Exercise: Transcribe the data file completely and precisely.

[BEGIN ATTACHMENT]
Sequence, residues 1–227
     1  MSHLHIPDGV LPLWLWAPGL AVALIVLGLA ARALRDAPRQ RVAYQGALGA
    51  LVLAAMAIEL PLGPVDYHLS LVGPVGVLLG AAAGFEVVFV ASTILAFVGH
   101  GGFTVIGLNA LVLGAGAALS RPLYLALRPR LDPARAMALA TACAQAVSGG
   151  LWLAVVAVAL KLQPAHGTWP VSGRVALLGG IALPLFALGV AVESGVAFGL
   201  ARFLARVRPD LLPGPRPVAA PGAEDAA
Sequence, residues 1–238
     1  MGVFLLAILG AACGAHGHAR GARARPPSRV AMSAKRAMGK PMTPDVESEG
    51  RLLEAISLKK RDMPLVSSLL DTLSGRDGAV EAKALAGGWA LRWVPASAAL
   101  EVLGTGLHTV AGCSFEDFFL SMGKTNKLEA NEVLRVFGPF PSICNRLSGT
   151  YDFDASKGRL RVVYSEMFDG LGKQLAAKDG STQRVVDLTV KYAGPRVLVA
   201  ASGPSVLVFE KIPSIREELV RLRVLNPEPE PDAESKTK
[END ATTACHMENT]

Sequence, residues 1–227
     1  MSHLHIPDGV LPLWLWAPGL AVALIVLGLA ARALRDAPRQ RVAYQGALGA
    51  LVLAAMAIEL PLGPVDYHLS LVGPVGVLLG AAAGFEVVFV ASTILAFVGH
   101  GGFTVIGLNA LVLGAGAALS RPLYLALRPR LDPARAMALA TACAQAVSGG
   151  LWLAVVAVAL KLQPAHGTWP VSGRVALLGG IALPLFALGV AVESGVAFGL
   201  ARFLARVRPD LLPGPRPVAA PGAEDAA
Sequence, residues 1–238
     1  MGVFLLAILG AACGAHGHAR GARARPPSRV AMSAKRAMGK PMTPDVESEG
    51  RLLEAISLKK RDMPLVSSLL DTLSGRDGAV EAKALAGGWA LRWVPASAAL
   101  EVLGTGLHTV AGCSFEDFFL SMGKTNKLEA NEVLRVFGPF PSICNRLSGT
   151  YDFDASKGRL RVVYSEMFDG LGKQLAAKDG STQRVVDLTV KYAGPRVLVA
   201  ASGPSVLVFE KIPSIREELV RLRVLNPEPE PDAESKTK